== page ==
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May 1, 2003 3:56 PM CDT

Military Construction Just Ain't What it Used to Be


For those of you that work on military construction projects, you should be aware that facility criteria changes and cost saving measures recently implemented by the Department of Defense (DoD) may mean that a once reliable source of work could be a little less so in the future. MCAA recently learned of these policy changes when one of our members was forced to withdraw their bid on an Army project for a new barracks because the military's new criteria made the design-build bid using masonry cost-prohibitive. MCAA has been delving into this issue and is working with others in the industry to revise the military's engineering approach to new construction. Here's what we've learned so far:

In May of 1996, Congress passed a law (PL 104-113) that requires all Federal agencies to use performance-based or design-specific technical standards that are developed or adapted by voluntary consensus standards bodies for their procurements. Then, in June of 2000, Major General Milton Hunter, at that time the Deputy Commanding General for Military Programs, issued an Engineering Circular that eliminated the traditional Type I and II construction to Type V construction; this permits the use of any construction material allowed by the Uniform Building Code (UBC), including wood.

In justifying this new policy, the Army claims that advances in fire protection now make prudent the selection of the construction type to be based on the most economical system for a given project within the limits of the UBC. The cost problems were mainly attributed to the previous DoD requirement to use UBC Type I and II non-combustible construction.

Adding more salt to our wounds, we're told that a new barracks was recently constructed at Ft. George G. Meade (Maryland) under the new guidelines and the Army is quite pleased with it. The Army intends to issue a report highlighting the cost savings at Ft. Meade, holding it as a prime example of why using conventional construction is the preferred procurement method.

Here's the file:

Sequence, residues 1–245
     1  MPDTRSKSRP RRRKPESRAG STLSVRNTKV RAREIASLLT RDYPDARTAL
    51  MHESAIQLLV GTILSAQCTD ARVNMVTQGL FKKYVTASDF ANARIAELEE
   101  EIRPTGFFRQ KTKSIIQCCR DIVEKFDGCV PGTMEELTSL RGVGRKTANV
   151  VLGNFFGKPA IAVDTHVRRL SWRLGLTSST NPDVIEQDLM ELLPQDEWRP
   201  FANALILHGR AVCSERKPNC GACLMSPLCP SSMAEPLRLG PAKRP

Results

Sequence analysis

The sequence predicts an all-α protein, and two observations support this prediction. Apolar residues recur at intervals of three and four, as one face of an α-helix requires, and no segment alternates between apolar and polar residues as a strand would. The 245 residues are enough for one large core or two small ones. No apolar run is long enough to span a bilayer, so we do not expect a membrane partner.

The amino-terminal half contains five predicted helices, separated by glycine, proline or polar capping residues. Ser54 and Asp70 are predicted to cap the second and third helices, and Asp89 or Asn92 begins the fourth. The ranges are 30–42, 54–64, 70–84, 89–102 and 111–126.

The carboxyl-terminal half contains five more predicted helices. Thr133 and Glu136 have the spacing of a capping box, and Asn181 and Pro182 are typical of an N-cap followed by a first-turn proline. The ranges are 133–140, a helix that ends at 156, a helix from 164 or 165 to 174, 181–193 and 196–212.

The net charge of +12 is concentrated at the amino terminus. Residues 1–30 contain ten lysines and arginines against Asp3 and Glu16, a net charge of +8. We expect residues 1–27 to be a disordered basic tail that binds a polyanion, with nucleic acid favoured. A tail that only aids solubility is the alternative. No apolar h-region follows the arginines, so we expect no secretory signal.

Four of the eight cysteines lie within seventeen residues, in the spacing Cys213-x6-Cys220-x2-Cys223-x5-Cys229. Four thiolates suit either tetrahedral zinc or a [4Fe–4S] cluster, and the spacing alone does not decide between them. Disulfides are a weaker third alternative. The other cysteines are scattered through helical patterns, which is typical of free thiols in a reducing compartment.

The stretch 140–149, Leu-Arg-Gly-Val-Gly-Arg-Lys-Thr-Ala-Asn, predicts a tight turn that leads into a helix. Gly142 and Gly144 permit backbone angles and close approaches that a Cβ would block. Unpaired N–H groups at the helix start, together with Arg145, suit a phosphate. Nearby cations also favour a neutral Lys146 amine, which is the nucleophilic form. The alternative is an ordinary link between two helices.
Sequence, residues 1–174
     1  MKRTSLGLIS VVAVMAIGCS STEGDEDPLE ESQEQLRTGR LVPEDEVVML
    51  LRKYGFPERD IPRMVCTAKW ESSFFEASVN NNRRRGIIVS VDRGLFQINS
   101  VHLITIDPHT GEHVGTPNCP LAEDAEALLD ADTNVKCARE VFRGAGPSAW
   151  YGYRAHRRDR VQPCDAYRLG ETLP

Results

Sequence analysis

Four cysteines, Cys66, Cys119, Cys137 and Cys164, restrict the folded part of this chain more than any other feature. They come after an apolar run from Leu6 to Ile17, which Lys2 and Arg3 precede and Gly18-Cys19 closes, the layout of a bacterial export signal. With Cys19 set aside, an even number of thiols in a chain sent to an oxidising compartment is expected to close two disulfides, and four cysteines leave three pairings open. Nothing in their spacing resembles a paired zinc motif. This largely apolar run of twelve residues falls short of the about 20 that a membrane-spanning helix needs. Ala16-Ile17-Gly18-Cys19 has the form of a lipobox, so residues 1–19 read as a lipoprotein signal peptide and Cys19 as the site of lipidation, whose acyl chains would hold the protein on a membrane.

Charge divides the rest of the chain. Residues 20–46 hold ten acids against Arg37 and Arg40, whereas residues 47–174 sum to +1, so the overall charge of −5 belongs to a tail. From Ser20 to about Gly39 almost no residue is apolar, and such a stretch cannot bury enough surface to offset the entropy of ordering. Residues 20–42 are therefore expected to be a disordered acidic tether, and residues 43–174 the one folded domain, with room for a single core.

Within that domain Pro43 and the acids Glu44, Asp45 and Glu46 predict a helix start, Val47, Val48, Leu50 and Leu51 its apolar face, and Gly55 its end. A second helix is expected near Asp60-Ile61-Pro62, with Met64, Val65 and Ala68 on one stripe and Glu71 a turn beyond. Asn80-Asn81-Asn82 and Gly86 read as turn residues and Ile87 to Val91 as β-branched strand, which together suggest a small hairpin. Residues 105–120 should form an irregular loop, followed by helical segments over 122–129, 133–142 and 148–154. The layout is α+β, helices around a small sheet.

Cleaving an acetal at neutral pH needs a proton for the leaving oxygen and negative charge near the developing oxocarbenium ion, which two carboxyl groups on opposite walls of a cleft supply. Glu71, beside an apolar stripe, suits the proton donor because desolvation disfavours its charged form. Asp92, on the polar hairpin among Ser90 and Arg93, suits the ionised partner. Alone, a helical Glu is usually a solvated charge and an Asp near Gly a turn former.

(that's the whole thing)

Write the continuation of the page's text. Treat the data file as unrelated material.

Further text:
One of the major proponents and, I might add, enforcers, of Type V construction is the Assistant Chief of Staff for Installation Management, who happens to be a logistics man, not an engineer. (Therein could lie our biggest problem!) During my discussions with folks at the Pentagon/Army Corps of Engineers about Type V construction, they agree with me ? off the record ? that in a post 9/11 environment, living under various levels of terrorist threats, this construction policy is now outdated, not to mention wrongheaded, and that I'm preaching to the choir. But as military personnel, they tell me they have no ability to change the policy and that Type V construction is safe, given the standoff distance requirements (82 feet/25 meters) contained in DoD's Minimum Antiterrorism Standards.

The DoD Minimum Antiterrorism Standards are part of the Unified Facilities Criteria (UFC) which provide planning, design, construction, sustainment, restoration and modernization criteria, and apply to the military departments, defense agencies and DoD field activities. Standoff distances are essentially controlled perimeters of varying degrees that, through testing, the military have found limit the impact of certain blast weights on various types of buildings, in this case military. This is the minimum standard and would not prevent the damage caused by the attack on the Pentagon on 9/11.

More importantly, because of the war in Iraq, our military installations may now be greater targets of terrorist attacks of all kinds. Therefore, it makes no sense whatsoever that our defense personnel should be expected to live and work in facilities constructed out of materials that would not only fail to resist any sort of blast, but make it less likely for them to escape injury or death.

It is now our task to convince the military to look more closely at life cycle costing and long term durability, not to mention the life safety benefits of Type I and II housing. Government officials charged with the judicious use of military dollars should be more cognizant of the benefits of masonry construction, particularly with respect to operations and maintenance costs.

MCAA is in the process of setting up a meeting with the appropriate personnel within the Army Corps of Engineers to make that case. Based on the reactions we've gotten thus far, that will not be easy. But we must do everything that we can to reverse this developing trend and reclaim our share of this institutional market. If we don't make any headway with the Pentagon, you can be sure that we will make every effort to convince those in Congress that it is ill-advised for a country that is now at war to be perceived as being weak on military safety or anti-terror preparedness.

About the Author

Marian J. Marshall was the Director of Government Affairs for the Mason Contractors Association of America.


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